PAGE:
- Pitch Dark by Renata Adler
- They Were Counted by Miklós Bánffy + an additional post on the politics and history
- A Legacy by Sybille Bedford
- The Death of the Heart by Elizabeth Bowen
- Mildred Pierce by James M. Cain (replaced with Black Wings Has My Angel by Elliott Chaze)
- The Invention of Morel by Adolfo Bioy Casares
- My Ántonia by Willa Cather
- The Shooting Party by Isabel Colegate
- Our Spoons Came from Woolworths by Barbara Comyns
- Slouching Towards Bethlehem by Joan Didion
- An Evening with Claire by Gaito Gazdanov
- The End of the Affair by Graham Greene
- Hangover Square by Patrick Hamilton
- The Go-Between by L.P. Hartley
- Vain Shadow by Jane Hervey
- Deep Water by Patricia Highsmith
- In a Lonely Place by Dorothy B. Hughes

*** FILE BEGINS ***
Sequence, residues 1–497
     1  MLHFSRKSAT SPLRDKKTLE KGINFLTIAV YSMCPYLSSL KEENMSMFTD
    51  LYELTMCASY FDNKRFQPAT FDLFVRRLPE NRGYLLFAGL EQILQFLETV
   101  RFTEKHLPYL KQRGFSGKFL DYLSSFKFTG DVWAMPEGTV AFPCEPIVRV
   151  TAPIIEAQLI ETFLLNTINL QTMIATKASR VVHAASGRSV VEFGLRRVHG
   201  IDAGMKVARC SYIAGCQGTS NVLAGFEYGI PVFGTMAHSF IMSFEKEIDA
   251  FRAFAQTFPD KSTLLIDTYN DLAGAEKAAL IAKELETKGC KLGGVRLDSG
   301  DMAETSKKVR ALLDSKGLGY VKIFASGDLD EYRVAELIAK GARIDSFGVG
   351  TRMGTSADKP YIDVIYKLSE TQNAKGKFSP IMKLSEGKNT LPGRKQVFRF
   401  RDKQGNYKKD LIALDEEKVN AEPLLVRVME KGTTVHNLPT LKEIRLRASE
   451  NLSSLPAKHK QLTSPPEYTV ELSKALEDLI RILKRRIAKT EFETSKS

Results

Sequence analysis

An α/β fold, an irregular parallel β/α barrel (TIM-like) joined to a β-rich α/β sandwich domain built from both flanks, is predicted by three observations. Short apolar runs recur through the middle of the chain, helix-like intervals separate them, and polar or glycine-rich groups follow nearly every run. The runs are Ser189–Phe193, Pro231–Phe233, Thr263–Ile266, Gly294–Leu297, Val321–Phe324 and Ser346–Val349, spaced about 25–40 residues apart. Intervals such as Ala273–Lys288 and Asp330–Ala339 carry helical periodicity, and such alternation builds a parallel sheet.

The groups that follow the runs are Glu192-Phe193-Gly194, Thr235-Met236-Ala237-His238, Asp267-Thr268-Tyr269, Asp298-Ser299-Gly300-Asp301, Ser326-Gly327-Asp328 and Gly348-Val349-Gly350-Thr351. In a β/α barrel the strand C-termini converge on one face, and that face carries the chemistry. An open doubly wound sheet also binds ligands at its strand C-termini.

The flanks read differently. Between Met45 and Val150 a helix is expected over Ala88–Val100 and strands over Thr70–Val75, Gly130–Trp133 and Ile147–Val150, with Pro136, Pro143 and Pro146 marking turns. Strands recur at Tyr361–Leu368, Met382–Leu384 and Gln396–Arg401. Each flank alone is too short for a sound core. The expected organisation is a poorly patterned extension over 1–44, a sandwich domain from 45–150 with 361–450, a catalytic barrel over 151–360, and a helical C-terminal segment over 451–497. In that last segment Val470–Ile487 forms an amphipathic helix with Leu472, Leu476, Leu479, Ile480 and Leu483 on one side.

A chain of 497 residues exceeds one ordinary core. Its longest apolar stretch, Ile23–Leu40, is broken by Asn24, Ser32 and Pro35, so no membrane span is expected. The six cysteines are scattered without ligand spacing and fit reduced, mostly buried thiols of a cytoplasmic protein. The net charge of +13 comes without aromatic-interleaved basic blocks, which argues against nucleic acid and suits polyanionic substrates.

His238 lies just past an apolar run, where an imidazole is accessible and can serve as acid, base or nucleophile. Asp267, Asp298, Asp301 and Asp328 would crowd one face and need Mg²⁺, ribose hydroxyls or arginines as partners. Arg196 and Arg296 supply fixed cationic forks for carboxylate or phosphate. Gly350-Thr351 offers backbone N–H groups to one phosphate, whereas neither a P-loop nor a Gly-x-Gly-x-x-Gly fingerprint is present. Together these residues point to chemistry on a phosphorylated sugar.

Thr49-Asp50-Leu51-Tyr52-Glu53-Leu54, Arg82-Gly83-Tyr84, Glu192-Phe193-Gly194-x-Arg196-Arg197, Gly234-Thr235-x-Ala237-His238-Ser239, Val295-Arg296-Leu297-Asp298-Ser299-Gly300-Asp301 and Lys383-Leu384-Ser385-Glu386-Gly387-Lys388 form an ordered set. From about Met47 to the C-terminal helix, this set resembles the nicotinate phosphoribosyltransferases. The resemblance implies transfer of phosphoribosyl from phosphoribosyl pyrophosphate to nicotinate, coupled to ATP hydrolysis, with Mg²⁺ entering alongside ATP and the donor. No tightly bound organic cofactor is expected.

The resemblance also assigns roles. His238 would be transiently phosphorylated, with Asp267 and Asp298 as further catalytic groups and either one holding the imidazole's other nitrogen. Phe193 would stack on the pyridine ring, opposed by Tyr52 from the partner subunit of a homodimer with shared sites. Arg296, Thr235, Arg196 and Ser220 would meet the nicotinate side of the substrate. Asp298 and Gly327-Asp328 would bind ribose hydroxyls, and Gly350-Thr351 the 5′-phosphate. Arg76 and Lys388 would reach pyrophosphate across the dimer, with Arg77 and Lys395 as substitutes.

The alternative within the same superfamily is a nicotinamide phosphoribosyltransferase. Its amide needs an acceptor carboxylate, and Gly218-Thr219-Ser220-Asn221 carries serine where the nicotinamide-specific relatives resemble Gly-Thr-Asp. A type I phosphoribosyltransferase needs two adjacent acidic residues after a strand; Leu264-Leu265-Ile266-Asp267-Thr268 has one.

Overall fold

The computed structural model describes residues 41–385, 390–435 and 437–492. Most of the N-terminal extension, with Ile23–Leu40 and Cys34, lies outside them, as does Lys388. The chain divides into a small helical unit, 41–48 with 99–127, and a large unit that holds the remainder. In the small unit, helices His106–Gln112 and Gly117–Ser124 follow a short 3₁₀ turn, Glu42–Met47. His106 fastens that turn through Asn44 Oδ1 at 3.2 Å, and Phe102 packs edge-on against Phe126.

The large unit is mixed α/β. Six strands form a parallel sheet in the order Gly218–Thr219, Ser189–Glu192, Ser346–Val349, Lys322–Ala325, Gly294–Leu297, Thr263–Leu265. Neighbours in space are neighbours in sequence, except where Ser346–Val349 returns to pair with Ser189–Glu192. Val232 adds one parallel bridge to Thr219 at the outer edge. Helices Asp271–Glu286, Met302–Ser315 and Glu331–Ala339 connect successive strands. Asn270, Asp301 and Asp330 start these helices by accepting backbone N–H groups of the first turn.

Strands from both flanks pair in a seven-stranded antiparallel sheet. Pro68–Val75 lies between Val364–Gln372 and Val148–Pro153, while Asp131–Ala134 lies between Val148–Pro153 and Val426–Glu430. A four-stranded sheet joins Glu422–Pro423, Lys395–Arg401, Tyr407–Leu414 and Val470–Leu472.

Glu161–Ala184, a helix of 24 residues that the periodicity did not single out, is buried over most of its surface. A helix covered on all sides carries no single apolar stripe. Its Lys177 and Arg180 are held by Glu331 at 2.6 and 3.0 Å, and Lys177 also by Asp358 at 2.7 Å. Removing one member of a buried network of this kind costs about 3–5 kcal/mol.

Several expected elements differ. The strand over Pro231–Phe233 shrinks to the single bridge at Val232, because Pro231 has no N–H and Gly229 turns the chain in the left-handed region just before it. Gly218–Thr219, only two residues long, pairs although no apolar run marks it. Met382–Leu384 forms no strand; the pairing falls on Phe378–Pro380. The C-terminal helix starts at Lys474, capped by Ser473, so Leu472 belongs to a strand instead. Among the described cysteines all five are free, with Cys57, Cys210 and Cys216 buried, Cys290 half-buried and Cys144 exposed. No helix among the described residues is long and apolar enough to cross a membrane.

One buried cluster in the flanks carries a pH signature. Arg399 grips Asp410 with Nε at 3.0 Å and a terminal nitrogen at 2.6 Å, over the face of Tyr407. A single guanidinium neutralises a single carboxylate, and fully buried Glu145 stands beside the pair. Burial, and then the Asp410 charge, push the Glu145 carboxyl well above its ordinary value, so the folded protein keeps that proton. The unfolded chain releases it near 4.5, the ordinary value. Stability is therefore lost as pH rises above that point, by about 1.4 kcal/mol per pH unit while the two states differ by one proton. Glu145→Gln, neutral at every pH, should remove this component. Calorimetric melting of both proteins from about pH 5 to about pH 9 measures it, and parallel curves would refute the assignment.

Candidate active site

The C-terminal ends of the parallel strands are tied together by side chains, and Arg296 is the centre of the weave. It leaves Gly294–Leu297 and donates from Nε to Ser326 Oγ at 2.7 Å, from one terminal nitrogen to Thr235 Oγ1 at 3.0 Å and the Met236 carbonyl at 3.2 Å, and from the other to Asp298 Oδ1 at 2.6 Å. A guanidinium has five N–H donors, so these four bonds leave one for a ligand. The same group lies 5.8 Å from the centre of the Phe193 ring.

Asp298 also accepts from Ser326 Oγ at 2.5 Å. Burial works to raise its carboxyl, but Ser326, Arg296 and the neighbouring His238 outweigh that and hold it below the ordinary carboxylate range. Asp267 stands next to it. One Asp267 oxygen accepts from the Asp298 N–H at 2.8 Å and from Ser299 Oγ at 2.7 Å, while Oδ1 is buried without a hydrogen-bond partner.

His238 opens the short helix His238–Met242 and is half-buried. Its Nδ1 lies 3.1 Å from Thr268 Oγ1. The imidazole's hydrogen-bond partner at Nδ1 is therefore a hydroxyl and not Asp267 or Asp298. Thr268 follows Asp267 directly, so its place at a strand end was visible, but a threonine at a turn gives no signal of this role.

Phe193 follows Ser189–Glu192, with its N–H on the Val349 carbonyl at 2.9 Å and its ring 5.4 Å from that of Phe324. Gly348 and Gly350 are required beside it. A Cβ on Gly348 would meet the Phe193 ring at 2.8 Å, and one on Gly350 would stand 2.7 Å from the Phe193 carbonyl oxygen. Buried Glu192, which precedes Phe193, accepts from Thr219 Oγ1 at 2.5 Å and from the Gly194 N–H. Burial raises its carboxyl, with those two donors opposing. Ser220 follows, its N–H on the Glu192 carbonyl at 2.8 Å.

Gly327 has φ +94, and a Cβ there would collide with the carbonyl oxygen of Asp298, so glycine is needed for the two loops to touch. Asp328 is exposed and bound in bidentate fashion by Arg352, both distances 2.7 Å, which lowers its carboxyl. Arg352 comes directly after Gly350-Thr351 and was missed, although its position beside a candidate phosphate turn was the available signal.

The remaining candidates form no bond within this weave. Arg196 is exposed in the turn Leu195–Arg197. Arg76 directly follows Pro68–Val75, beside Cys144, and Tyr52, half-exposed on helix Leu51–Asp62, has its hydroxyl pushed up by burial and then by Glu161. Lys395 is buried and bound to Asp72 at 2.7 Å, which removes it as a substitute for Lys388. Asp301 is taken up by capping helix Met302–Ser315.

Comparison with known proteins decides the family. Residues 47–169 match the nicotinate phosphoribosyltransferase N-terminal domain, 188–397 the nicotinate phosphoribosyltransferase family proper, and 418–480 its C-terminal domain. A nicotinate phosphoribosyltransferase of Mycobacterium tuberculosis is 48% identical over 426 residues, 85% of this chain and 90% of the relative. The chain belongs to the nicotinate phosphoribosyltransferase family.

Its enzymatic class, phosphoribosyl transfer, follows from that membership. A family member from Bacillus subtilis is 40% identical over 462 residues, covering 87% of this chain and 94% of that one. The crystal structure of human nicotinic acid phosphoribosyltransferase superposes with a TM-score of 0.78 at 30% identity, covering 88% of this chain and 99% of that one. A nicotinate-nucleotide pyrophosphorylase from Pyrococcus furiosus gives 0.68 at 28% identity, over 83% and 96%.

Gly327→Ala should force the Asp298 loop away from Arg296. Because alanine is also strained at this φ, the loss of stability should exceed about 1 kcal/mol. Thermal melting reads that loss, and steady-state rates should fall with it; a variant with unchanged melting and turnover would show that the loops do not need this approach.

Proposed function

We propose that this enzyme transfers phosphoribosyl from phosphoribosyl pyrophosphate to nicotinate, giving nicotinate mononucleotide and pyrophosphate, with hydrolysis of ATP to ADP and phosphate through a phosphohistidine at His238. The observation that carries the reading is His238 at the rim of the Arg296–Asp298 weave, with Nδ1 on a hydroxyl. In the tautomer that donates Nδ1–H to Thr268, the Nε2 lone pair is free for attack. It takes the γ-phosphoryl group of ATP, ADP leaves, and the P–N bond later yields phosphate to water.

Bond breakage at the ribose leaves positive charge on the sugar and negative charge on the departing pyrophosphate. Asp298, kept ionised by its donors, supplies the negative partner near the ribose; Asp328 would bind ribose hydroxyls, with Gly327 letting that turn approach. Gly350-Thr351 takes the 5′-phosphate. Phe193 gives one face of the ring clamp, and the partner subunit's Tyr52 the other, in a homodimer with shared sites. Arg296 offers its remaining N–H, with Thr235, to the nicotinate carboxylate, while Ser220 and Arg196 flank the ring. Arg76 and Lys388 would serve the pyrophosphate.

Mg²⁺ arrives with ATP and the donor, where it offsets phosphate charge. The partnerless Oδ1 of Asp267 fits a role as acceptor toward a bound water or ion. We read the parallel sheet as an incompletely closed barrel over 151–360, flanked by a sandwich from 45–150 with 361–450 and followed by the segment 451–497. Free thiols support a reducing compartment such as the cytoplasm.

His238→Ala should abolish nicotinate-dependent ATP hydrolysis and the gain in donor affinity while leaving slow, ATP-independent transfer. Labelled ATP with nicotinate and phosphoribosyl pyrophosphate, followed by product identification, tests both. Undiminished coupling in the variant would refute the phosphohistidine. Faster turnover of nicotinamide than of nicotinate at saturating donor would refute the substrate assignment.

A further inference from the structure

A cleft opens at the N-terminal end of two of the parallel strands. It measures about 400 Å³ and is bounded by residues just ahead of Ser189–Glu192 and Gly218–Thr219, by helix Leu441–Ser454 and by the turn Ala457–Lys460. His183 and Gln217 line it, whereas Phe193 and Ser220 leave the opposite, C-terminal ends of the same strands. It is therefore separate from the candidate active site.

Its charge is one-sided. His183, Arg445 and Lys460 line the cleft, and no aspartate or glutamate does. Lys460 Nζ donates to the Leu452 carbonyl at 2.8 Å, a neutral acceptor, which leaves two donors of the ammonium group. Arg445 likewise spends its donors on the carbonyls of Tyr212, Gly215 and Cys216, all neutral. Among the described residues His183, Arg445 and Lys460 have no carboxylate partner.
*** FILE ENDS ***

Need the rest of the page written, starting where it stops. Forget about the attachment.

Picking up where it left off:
- The Hunting Gun by Yasushi Inoue
- The Sound of the Mountain by Yasunari Kawabata
- Mr Norris Changes Trains by Christopher Isherwood
- We Have Always Lived in the Castle by Shirley Jackson
- The Adventures of Sindbad by Gyula Krúdy
- The Leopard by Giuseppe Tomasi di Lampedusa (replaced with The Garden of the Finzi-Continis by Giorgio Bassani)
- Passing by Nella Larsen (replaced with If Beale Street Could Talk by James Baldwin)
- The Doves of Venus by Olivia Manning
- The Pursuit of Love by Nancy Mitford
- The Lonely Passion of Judith Hearne by Brian Moore
- Appointment in Samarra by John O’Hara
- One Fine Day by Mollie Panter-Downes
- Excellent Women by Barbara Pym
- Voyage in the Dark by Jean Rhys